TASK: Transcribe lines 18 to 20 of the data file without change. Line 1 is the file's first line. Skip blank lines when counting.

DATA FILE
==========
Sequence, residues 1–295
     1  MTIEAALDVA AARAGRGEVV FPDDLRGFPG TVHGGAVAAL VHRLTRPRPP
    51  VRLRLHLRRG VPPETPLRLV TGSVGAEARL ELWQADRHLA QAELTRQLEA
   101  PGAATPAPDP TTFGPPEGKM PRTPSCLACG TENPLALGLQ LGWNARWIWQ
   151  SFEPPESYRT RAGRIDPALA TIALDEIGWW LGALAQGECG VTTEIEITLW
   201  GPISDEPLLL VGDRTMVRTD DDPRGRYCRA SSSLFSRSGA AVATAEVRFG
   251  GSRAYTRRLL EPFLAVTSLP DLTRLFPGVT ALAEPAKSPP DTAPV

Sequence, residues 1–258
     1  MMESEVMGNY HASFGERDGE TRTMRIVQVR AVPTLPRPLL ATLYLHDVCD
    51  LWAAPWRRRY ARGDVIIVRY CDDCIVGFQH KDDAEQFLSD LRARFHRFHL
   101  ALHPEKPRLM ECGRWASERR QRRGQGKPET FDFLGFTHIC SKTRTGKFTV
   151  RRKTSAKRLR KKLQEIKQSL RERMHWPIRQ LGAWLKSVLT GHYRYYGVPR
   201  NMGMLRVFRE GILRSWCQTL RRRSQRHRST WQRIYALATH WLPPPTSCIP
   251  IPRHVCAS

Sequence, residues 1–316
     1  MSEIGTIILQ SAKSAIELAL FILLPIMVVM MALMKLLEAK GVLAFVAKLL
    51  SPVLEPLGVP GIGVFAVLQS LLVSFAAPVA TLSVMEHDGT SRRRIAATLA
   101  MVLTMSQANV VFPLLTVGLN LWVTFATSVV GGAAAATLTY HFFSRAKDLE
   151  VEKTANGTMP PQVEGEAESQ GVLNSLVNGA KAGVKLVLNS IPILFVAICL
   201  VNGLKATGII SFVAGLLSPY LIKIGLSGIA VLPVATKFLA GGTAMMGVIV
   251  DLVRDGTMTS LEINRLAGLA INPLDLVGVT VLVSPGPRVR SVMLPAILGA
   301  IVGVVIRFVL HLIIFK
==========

   101  MVLTMSQANV VFPLLTVGLN LWVTFATSVV GGAAAATLTY HFFSRAKDLE
   151  VEKTANGTMP PQVEGEAESQ GVLNSLVNGA KAGVKLVLNS IPILFVAICL
   201  VNGLKATGII SFVAGLLSPY LIKIGLSGIA VLPVATKFLA GGTAMMGVIV